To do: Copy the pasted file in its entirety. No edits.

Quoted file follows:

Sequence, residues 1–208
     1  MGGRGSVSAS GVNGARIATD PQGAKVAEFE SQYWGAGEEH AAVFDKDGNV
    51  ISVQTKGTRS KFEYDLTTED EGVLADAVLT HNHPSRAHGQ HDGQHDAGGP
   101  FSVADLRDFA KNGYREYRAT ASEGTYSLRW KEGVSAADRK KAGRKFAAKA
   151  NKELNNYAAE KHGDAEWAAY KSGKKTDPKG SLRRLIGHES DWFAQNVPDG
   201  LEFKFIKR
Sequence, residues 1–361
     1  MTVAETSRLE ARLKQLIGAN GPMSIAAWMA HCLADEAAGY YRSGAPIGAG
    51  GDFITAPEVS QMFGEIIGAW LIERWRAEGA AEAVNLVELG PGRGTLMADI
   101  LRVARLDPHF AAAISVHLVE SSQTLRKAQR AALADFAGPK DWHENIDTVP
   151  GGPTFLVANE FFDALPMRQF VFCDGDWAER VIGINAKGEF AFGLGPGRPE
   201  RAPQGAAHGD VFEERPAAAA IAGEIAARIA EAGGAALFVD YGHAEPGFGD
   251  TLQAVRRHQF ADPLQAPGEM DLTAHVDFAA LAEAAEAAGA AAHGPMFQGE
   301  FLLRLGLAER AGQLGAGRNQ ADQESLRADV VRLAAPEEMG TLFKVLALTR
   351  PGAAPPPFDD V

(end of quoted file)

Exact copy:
Sequence, residues 1–208
     1  MGGRGSVSAS GVNGARIATD PQGAKVAEFE SQYWGAGEEH AAVFDKDGNV
    51  ISVQTKGTRS KFEYDLTTED EGVLADAVLT HNHPSRAHGQ HDGQHDAGGP
   101  FSVADLRDFA KNGYREYRAT ASEGTYSLRW KEGVSAADRK KAGRKFAAKA
   151  NKELNNYAAE KHGDAEWAAY KSGKKTDPKG SLRRLIGHES DWFAQNVPDG
   201  LEFKFIKR
Sequence, residues 1–361
     1  MTVAETSRLE ARLKQLIGAN GPMSIAAWMA HCLADEAAGY YRSGAPIGAG
    51  GDFITAPEVS QMFGEIIGAW LIERWRAEGA AEAVNLVELG PGRGTLMADI
   101  LRVARLDPHF AAAISVHLVE SSQTLRKAQR AALADFAGPK DWHENIDTVP
   151  GGPTFLVANE FFDALPMRQF VFCDGDWAER VIGINAKGEF AFGLGPGRPE
   201  RAPQGAAHGD VFEERPAAAA IAGEIAARIA EAGGAALFVD YGHAEPGFGD
   251  TLQAVRRHQF ADPLQAPGEM DLTAHVDFAA LAEAAEAAGA AAHGPMFQGE
   301  FLLRLGLAER AGQLGAGRNQ ADQESLRADV VRLAAPEEMG TLFKVLALTR
   351  PGAAPPPFDD V